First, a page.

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From Greg Stein <gst...@gmail.com>
Subject Re: decision making (wsa Re: [discuss] remove of binfilter module)
Date Wed, 15 Jun 2011 20:06:28 GMT
On Wed, Jun 15, 2011 at 15:39, Sam Ruby <rubys@intertwingly.net> wrote:
>...
> In the rare event that somebody wishes to take exception to a change
> like this, we deal with that on an exception basis; sometimes this is
> simply a matter of somebody else fixing the fix.  In extreme cases we
> may decide to first revert the controversial change and then talk
> through the issue on the relevant list.

Short note: ALWAYS let the original person perform the revert. They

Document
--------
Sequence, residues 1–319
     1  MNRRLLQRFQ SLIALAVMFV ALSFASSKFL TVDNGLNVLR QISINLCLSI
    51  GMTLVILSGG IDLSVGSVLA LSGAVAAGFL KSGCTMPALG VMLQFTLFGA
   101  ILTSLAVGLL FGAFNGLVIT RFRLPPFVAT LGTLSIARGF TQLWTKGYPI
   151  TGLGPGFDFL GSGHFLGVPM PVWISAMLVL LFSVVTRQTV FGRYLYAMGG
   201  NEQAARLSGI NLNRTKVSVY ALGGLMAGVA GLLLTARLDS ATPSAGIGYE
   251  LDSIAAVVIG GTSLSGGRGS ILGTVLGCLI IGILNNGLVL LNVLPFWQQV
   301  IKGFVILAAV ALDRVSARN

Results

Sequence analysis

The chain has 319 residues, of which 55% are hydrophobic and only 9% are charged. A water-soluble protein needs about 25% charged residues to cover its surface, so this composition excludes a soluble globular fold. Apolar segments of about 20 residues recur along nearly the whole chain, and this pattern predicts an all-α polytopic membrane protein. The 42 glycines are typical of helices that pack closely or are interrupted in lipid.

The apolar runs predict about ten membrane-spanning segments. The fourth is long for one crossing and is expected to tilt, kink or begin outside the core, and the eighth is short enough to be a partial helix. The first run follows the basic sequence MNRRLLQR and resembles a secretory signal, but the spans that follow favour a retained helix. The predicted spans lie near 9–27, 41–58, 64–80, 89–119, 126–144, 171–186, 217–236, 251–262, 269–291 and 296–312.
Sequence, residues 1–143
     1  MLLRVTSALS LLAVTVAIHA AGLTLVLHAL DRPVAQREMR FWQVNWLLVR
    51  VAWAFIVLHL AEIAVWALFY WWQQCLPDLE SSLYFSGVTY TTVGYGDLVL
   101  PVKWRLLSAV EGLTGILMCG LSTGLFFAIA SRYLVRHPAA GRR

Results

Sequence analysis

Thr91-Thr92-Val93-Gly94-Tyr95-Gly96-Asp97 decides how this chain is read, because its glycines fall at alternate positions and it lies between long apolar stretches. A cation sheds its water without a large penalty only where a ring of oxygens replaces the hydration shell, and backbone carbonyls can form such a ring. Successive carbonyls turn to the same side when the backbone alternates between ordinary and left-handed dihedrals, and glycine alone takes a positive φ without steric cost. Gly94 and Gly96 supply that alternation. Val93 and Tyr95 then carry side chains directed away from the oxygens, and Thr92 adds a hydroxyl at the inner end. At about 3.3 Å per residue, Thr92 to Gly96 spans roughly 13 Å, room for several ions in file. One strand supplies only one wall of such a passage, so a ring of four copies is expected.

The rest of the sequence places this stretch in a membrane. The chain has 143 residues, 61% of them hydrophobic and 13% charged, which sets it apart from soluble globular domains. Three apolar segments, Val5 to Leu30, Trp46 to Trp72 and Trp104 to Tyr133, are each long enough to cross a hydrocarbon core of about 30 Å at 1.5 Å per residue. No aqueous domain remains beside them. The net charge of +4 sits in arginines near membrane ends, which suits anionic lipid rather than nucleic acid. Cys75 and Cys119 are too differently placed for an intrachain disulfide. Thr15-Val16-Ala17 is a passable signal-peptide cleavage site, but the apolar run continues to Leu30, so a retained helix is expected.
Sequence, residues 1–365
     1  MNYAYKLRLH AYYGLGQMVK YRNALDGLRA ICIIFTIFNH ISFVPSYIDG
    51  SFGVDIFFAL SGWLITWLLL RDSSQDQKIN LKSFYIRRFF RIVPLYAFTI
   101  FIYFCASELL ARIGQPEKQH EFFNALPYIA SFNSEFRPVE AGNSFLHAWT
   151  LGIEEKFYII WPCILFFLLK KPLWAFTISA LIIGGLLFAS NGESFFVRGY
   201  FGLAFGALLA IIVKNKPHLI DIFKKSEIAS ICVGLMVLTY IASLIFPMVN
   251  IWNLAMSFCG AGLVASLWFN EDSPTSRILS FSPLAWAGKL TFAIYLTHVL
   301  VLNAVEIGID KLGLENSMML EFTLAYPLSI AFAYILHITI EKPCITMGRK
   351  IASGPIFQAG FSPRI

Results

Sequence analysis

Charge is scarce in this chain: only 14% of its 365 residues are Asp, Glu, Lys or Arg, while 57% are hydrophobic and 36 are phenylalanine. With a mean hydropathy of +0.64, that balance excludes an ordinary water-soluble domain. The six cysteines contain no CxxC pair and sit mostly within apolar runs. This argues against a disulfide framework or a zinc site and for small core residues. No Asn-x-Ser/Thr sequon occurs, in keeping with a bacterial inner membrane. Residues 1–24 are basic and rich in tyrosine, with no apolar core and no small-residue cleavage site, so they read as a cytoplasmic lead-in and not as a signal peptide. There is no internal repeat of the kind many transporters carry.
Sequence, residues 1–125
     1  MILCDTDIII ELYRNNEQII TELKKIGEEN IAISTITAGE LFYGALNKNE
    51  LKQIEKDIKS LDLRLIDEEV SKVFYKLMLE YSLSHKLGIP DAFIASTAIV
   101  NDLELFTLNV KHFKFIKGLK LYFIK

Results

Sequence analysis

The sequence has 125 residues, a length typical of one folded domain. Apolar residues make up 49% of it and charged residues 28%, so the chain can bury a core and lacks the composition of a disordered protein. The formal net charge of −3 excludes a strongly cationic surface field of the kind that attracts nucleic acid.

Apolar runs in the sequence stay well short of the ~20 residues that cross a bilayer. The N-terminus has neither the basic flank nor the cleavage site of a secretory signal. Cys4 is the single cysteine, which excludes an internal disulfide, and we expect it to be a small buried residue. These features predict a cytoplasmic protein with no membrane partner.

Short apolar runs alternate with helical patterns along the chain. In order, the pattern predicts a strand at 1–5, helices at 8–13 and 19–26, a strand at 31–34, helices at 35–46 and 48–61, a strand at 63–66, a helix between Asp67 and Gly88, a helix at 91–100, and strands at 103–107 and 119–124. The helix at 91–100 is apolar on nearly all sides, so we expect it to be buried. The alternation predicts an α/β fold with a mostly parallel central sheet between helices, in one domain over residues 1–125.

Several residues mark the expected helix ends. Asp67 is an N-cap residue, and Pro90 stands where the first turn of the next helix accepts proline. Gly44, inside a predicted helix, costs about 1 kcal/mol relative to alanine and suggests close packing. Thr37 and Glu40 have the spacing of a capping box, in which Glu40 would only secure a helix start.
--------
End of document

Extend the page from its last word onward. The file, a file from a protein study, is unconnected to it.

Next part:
should recognize lack of consensus, understand there isn't a way
forward at the time, and perform the revert. (of course, the "wrong"
stuff could be left in, the community decides a fix, and you move
onwards without a (temporary) revert)

The only reason to perform a revert for somebody else's work is if
there is build breakage that prevents everybody from working (and note
that I said *build* rather than *test*). Or maybe if the person just
drops off communications for an extended period of time.

Taking a unilateral action (revert) against somebody else's commit is
one of the highest forms of antisocial behavior. I've run into this a
couple times[1] and so it really wanted to stress this particular
point.

And yes, I know Sam wasn't referring to this kind of behavior. He said
"we may decide". I just wanted to clarify who would *perform* the
revert after that decision.

Cheers,
-g

[1] the latest was actually a commit/revert war that went two cycles
before it escalated. very uncool.

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